"My Rhythm Isn't Improving" (HERE'S WHY!)

Have you ever felt that no matter how hard you practiced rhythm guitar it just won’t get much better? In this lesson I’m going to show you the two biggest reasons why I believe your feel for rhythm guitar is not where you want it to be... 

This lesson covers topics centered around:
  • the number of times that you are knowingly and unknowingly training
  • learning rhythm guitar exercises for hitting the beat perfectly
  • developing greater control over your feel for rhythm


In this lesson, I want to help you get a lot better with your ability to perform rhythms. When we dive into the different aspects of what’s involved with rhythm training, I like to think of this topic as being more of a part of Ear Training rather than guitar technique.

- The Mechanical Side:
There is (of course) a side to rhythm development that involves mechanical training. This includes concepts such as how your hand moves, the development of the feel of the pick’s strum across the strings, and achieving a relaxed, loose feel of the hand, wrist and arm.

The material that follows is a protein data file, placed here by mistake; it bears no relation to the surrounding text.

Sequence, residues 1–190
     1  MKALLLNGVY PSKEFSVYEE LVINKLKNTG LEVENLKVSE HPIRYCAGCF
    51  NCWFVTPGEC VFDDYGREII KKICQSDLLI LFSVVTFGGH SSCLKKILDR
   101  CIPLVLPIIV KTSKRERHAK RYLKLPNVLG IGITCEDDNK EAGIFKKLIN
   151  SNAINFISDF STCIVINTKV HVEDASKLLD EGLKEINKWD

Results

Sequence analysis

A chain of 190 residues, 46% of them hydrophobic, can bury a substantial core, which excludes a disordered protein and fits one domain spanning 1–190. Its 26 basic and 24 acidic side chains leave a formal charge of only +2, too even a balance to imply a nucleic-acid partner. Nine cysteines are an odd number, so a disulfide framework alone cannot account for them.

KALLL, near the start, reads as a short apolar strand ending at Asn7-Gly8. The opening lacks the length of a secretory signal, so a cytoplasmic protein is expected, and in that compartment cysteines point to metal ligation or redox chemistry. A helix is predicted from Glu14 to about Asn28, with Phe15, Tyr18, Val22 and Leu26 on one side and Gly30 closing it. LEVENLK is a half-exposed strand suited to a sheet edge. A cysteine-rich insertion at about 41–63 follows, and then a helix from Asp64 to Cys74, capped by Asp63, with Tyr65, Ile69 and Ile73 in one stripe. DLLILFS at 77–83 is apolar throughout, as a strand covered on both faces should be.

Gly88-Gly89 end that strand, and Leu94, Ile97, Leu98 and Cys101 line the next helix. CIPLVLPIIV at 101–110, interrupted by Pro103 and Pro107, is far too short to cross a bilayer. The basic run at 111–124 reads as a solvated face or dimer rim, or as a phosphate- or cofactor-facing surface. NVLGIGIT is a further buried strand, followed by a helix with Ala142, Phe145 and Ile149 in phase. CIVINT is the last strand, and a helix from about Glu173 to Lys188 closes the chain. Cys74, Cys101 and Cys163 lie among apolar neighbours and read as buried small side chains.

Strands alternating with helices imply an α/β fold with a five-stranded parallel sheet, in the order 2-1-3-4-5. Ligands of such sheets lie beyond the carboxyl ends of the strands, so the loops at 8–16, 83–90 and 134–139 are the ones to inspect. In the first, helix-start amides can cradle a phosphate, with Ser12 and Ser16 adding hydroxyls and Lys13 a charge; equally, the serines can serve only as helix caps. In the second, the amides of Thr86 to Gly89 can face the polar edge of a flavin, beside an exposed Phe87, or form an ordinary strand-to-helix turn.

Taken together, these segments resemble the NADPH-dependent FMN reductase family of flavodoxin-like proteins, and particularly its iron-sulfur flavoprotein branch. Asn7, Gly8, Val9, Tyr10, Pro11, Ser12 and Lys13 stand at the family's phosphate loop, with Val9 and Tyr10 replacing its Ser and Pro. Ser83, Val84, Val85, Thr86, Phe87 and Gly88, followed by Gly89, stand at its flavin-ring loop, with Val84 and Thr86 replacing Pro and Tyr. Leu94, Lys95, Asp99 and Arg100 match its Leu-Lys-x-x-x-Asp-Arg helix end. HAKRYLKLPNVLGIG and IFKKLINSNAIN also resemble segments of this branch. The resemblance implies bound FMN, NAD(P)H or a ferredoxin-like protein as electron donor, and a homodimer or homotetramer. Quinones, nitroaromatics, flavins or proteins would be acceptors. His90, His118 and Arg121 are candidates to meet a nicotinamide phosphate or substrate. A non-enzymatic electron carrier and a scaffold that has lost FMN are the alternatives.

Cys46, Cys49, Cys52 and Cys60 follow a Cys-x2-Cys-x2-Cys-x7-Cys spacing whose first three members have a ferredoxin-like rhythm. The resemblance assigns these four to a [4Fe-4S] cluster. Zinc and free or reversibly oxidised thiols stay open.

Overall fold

- What's Holding You Back?
Those are all important mechanical areas. But, in this lesson, what I want to tell you about are two things that you’re probably doing wrong. Things that will hold back your rhythm ability.

These are the frequency (or what you could think of as your regularity), of how often you study each rhythm duration, in your practice routine. And, any sort of lack of variation when it comes to studying different rhythms...

First of all, when it comes down to training frequency and being constant and persistent with a daily rhythm studies routine – this is an area that is easily neglected.

Guitar players need to establish a regular routine, for not only running through all of the different rhythms I’ll be discussing in this lesson plan, but, also (if you’ll recall I said earlier), I feel that the Topic of rhythm is more associated to Ear Training.

In order to push your skill up to a new level, you’ll also need to transcribe rhythms on a daily basis. And, when you do that, make sure you’re doing it from several different styles of music, because, every music style applies rhythms differently.